The power of paper, marker and clipboard for free motion quilting designs

Have you assembled the essential tools for successful machine quilting that I posted yesterday? If you did – great! If you didn’t what are you waiting for?

This week, I’m having great fun with machine quilting on the Husqvarna Viking Designer Topaz 50 which in addition to being an awesome sewing machine is also an embroidery machine. You can follow my previous post about machine embroidery techniques.

Husqvarna Viking Designer Topaz 50 sewing machine with optional extension table

Do you remember the last tool that I mentioned in yesterday’s post? The clipboard, the scrap paper, and the marker?

Here’s the thing – whenever I talk about machine quilting to people, I often hear three issues:

  1. What design should they use
  2. They stitch themselves into the corners
  3. The lines of quilting aren’t smooth
Today, we’re going to set the sewing machine aside as we take a look at how important the paper and marker are for successful machine quilting.
Here’s the thing – we’re comfortable with our sewing machines and we’re comfortable with pen and paper, but most of us are not comfortable with drawing. And when we attempt to do free motion on the sewing machine, we freeze. Why? That’s because we haven’t learned how to mix the two elements together – drawing on the sewing machine.
We’re going back to kindergarten. I’m giving you permission to get as much scrap paper as you can find (it’s a great way to recycle paper) and we’re going to learn this once and for all!
So get that clipboard and your marker (or a smooth flowing pen) and let’s get started!
A quick note – if you bought a very inexpensive clip board, I would advise that you keep the protective plastic on it. I’ve heard from some of my students that the quality is less than desirable and the sweat from their hands was enough to crumble the material the clip board was made from.

I can’t draw a straight line

Let’s be very clear, I’m not an artist. The best version I can do of a person is stick legs and arms with an oval body! Dogs get four sticks for legs and two blobs for the head and body! I’m not a doodler, but I wish I was, but I can at least doodle better than I can draw. But my doodling has improved immensely over the years. Why? because I’ve been practicing! The more I practice, the better I’ve become. And in case you wonder why I’m chatting on about doodling, look at most quilting designs. It’s a form of doodling! No way!  Yes – quilting is technically doodling by sewing machine!

When I ask my students to “draw” a straight line with their free motion foot, almost everyone says, “I can’t draw a straight line!” And my response? “GREAT – I don’t want the line to be perfectly straight – it looks unnatural!”

So here’s the first exercise. Draw a leaf shape on your paper. It doesn’t have to be perfect – we’re learning here and the outer shape isn’t important. It’s just a reference.

Two things to keep in mind:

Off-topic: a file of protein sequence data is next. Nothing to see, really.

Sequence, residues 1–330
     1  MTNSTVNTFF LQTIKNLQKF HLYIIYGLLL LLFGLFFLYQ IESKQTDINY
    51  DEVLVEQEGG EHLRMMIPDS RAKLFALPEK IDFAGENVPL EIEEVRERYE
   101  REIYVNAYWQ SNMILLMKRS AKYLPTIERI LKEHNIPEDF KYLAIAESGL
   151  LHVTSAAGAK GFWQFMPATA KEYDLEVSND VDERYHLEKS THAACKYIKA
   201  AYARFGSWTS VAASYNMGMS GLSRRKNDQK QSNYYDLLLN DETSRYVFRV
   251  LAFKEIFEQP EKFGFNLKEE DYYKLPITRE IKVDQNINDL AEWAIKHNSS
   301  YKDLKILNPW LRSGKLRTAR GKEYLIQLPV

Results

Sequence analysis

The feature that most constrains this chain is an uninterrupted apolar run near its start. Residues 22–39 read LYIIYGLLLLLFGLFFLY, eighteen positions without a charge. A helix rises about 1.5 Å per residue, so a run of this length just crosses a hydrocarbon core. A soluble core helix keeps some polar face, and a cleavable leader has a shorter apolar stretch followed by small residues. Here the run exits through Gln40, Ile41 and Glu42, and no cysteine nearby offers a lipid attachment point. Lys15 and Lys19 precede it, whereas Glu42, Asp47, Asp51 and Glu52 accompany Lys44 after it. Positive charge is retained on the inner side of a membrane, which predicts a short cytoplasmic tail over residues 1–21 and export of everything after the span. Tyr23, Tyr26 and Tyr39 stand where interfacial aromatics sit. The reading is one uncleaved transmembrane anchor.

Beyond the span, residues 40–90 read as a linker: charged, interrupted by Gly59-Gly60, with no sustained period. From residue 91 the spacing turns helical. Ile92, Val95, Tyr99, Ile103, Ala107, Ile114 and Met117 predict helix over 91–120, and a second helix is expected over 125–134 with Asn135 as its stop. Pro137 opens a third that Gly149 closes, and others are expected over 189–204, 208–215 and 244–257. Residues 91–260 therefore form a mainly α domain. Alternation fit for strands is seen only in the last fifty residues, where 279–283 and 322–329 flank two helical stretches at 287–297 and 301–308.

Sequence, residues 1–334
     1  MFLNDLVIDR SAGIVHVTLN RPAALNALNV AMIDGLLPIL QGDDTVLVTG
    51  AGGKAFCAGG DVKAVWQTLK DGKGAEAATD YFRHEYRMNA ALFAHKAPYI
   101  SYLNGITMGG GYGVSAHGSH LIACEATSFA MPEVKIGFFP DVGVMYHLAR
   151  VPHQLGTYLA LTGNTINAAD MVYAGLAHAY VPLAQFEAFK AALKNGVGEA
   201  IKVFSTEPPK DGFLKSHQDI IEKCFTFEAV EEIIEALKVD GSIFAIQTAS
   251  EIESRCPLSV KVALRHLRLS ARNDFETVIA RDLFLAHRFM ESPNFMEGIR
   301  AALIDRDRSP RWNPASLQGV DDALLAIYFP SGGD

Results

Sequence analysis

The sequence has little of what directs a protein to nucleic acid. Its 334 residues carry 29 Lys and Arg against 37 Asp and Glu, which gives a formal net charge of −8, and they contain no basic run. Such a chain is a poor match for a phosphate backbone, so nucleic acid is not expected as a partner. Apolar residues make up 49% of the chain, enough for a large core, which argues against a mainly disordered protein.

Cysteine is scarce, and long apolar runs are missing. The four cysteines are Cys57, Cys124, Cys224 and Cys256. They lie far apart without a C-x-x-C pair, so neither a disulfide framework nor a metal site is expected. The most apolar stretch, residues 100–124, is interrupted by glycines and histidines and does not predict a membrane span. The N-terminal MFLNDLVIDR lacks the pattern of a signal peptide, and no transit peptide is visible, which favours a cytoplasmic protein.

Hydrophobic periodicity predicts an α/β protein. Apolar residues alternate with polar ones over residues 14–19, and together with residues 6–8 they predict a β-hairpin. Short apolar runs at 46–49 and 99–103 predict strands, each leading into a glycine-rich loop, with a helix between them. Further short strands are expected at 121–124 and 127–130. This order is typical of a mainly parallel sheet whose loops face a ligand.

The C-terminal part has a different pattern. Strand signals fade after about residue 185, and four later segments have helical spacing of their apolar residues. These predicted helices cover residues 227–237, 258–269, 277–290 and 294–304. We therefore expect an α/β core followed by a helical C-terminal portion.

1. Do NOT rest your hand on the paper. That’s why the marker or a smooth flowing pen is good. If you keep your hand on the paper, you’re trying to write and we write small. We want flowing movements.
  2. Go BIG. See how my leaf is almost half a page?
Now draw a straight (ish) line through the middle of the leaf. Looks boring, doesn’t it? And how much fun was that to draw? Not much at all.

Leaf shape with a boring straight line through the middle

Now draw another leaf shape and this time, have fun with that line through the middle. Draw an ‘organic’ (for lack of a better name) straight line. Wasn’t that way more fun to draw?

A different leaf with an ‘organic’ straight line through the middle of it

OK – now ask yourself, which line is more appealing? Which line have you seen on someone else’s quilt that you’ve admired? Which line was more fun to draw? Most people will answer the second line to all three questions.

By the way, there’s NO need to keep these papers once you’ve drawn on them. They’re just practice sheets.

Now go ahead and draw another leaf. You could always draw one leaf and photocopy it if you wanted. But we’re not going for perfection here and the more you practice drawing the leaf, the better for you. In most cases, the leaf would have been appliqued on your quilt so no need to worry about that shape. We’re going for the quilting lines within the leaf.

Let’s pretend that we’re actually quilting this leaf. We don’t want to stop and start at every leaf because we’ve hundreds of them on our imaginary quilt.

Draw that organic line from one end of the leaf to the other, but this time, you have to go back to the beginning so you can move to the next leaf. Oh – am I supposed to come back down right on the line or beside or a combination of both? Well – why don’t you try it both ways and see which you like the best.

And if you had 100 leaves to quilt and each one was slightly different – who cares?  Each leaf could be unique if you so chose.

Center line of “quilting” up and then back down again – notice the lines are not on top of each other

How are you doing so far? Are you getting a feel for the organic lines? Try this exercise a few more times. Get comfortable with the flow of the lines. Keep your hand off the paper.

Now when you get back to the bottom of the leaf, try a few additional veins. Go to the tip of the vein and then back to the center stem and travel up one side and down the other. Try the squiggles in different angles. What feels right? What works best?

Don’t like what you drew? Throw that scrap paper in the recycling! Don’t keep these papers if you don’t like them. If you have one that you like – keep it! It becomes a good reference of what you like. You may also want to keep the ones that you don’t like so you have that as a reference as well. Don’t just say you don’t like it – ask yourself – why don’t I like it? That’s very important feedback for you!

The same leaf with a few extras veins drawn in

The second leaf has a different style center spine than the first leaf